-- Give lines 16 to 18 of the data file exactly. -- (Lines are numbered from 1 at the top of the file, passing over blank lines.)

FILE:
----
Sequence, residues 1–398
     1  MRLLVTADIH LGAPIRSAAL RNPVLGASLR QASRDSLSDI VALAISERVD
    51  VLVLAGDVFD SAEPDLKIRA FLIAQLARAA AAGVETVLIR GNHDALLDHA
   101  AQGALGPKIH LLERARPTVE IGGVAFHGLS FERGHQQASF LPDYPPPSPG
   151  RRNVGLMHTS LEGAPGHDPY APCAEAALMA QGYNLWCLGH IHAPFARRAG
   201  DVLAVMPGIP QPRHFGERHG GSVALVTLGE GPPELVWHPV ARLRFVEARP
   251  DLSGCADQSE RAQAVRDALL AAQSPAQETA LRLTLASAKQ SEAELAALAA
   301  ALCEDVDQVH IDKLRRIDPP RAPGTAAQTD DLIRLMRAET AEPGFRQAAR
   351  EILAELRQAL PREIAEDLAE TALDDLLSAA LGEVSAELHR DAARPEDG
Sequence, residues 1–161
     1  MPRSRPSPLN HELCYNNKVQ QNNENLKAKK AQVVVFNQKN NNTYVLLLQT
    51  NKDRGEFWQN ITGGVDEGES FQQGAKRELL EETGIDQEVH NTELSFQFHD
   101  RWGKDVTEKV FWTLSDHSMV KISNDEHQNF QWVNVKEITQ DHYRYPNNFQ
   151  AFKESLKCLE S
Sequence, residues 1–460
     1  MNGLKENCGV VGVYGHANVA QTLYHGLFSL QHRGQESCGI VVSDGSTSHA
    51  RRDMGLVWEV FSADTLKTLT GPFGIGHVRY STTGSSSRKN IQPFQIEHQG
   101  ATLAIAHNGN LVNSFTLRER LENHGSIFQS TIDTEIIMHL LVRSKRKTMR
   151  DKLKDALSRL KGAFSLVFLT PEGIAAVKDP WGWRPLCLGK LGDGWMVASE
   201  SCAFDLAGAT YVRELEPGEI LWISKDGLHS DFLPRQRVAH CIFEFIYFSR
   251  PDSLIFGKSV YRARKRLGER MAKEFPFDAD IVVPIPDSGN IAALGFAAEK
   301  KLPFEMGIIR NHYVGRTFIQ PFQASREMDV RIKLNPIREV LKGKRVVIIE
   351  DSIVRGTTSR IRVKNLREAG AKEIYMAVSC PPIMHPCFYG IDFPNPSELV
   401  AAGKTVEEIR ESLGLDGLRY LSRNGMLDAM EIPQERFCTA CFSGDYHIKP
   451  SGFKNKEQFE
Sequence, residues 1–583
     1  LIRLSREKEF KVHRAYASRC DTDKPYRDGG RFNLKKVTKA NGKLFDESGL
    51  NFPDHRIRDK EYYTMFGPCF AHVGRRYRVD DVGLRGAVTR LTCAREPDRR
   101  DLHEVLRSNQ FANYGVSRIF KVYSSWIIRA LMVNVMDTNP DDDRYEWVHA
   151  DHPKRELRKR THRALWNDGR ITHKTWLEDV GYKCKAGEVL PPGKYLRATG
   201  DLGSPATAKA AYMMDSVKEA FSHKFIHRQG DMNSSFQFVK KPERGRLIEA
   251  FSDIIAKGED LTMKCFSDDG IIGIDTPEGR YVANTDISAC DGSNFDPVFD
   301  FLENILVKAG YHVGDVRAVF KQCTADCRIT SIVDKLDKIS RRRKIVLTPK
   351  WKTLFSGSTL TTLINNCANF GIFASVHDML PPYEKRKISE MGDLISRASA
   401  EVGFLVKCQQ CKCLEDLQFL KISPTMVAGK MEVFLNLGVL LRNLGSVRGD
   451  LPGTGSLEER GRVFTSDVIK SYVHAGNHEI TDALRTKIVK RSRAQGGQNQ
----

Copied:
     1  MNGLKENCGV VGVYGHANVA QTLYHGLFSL QHRGQESCGI VVSDGSTSHA
    51  RRDMGLVWEV FSADTLKTLT GPFGIGHVRY STTGSSSRKN IQPFQIEHQG
   101  ATLAIAHNGN LVNSFTLRER LENHGSIFQS TIDTEIIMHL LVRSKRKTMR